Maturity Assessments in Hyver

Hyver’s cybersecurity maturity assessment enables CISOs to gain visibility, optimize, and communicate cybersecurity maturity by being able to:

  • Calculate the organization’s cybersecurity
  • Benchmark to their industry sector
  • Define maturity targets
  • Create mitigation plans to meet targets
  • Track progress over time

In summary, assessing cybersecurity maturity is a holistic and evolving approach to safeguarding digital assets. It goes beyond mere compliance with regulations and standards, aiming to establish a proactive and adaptive security posture that can effectively navigate the complexities of the modern cyber landscape. Continuous improvement requires a concerted effort to align your policies and your practice. The upside of this approach, however, is that you will find that audits and regulatory oversight becomes much less of a burden and source of dread. Who knows, you might even find yourself embracing the idea of being audited so that you can proudly demonstrate the robust set of controls and processes that you and your team have put into place to manage risk.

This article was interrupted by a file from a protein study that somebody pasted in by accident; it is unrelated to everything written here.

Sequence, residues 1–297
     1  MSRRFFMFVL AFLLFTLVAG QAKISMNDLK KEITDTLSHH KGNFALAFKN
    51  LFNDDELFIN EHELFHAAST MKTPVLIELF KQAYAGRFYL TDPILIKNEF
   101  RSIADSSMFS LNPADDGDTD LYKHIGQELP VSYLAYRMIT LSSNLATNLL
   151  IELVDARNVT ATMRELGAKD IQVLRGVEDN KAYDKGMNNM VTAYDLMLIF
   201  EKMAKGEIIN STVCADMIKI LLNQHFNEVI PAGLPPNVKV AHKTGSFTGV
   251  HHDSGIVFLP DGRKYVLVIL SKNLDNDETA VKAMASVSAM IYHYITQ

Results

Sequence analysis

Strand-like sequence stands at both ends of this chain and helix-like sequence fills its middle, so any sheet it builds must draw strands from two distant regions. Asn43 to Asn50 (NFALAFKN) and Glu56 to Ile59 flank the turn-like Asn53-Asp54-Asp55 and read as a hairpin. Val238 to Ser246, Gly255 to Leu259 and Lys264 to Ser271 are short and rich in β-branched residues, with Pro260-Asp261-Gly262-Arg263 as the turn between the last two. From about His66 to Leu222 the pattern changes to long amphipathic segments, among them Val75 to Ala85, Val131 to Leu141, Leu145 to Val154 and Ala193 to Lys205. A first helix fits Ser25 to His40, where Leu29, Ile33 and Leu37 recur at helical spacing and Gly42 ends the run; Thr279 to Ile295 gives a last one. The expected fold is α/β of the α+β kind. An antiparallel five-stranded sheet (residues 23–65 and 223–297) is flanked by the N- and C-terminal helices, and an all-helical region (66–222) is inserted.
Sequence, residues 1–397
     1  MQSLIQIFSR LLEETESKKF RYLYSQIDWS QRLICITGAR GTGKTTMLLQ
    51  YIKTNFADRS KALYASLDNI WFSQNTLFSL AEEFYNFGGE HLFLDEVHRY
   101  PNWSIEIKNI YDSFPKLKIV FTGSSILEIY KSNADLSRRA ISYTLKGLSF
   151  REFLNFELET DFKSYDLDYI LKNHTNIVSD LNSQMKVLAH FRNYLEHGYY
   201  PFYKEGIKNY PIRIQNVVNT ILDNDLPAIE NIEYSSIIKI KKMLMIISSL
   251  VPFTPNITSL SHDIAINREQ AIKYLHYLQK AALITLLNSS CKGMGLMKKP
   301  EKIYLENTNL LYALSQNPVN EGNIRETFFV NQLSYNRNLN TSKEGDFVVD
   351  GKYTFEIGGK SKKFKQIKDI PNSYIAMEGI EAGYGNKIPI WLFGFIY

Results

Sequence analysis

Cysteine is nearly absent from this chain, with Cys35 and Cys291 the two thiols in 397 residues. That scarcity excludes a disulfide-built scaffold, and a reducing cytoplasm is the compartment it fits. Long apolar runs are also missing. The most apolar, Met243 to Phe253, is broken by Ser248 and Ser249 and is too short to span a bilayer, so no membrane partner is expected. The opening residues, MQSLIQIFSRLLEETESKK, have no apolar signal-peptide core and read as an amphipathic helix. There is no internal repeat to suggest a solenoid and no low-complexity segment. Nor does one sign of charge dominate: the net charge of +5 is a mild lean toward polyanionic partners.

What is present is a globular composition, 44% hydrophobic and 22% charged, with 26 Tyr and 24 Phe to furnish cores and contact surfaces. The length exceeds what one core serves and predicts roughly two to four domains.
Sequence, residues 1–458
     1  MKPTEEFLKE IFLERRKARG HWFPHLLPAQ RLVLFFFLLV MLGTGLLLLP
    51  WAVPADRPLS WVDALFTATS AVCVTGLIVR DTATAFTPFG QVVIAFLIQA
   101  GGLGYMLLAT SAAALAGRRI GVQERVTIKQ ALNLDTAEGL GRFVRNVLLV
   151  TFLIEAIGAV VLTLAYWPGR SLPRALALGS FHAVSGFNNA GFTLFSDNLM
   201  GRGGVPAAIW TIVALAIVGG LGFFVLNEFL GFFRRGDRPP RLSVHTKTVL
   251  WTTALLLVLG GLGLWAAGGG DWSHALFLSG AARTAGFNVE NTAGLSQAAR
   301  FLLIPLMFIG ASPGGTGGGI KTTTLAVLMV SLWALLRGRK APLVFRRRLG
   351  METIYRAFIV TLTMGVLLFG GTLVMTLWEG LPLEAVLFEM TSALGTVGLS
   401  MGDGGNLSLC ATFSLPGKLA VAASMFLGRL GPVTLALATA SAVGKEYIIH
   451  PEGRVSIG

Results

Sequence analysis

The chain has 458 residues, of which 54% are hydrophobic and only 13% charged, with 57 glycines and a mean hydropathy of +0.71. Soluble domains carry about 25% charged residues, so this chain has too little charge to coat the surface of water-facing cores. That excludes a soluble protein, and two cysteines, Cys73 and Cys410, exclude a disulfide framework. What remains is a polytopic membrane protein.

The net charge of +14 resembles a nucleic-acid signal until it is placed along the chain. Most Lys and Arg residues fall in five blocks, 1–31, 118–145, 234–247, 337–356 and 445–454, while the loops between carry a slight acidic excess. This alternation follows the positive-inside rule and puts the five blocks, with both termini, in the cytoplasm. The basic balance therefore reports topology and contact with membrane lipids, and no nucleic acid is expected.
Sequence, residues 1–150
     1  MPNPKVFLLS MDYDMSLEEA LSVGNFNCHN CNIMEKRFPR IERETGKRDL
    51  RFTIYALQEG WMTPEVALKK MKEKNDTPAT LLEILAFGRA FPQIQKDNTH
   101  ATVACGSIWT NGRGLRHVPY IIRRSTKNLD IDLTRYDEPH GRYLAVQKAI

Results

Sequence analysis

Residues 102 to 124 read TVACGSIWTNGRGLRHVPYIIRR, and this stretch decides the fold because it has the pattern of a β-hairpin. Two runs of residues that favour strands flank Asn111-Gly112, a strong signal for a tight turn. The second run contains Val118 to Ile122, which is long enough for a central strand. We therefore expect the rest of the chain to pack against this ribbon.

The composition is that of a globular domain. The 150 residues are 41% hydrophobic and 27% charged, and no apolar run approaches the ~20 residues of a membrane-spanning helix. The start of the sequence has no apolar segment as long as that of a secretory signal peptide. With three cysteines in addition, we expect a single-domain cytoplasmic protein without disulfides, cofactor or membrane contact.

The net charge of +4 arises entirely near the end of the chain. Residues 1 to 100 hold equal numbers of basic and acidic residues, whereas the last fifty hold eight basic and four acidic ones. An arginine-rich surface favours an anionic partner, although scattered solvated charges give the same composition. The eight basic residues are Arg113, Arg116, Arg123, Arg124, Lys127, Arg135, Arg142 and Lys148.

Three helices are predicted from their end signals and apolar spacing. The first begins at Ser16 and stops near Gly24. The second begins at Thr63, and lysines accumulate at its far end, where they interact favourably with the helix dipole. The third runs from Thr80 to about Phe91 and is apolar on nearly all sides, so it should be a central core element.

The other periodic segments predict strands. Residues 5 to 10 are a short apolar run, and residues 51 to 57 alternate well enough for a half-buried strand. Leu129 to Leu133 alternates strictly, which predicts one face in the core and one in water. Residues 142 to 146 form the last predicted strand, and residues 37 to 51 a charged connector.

Want to learn more about Hyver’s cybersecurity maturity assessment? Schedule a demo today. 


Mike Wilkes

By Mike Wilkes

Mike Wilkes has built, transformed, and protected companies such as SecurityScorecard, ASCAP, Marvel, AQR Capital, CME Group, Sony, and Macy's as well as European banks and airlines. A graduate of Stanford University and author of a book for Cisco Press in 2002, he is a featured speaker at security conferences for Black Hat, SANS, GovWare, and Gartner and is an adjunct professor at NYU teaching graduate-level courses to CISOs and aspiring CISOs.